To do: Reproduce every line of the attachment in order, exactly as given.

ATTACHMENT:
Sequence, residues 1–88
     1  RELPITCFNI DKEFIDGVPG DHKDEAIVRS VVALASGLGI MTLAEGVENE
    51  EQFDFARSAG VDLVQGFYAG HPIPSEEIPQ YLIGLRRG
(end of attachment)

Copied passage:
Sequence, residues 1–88
     1  RELPITCFNI DKEFIDGVPG DHKDEAIVRS VVALASGLGI MTLAEGVENE
    51  EQFDFARSAG VDLVQGFYAG HPIPSEEIPQ YLIGLRRG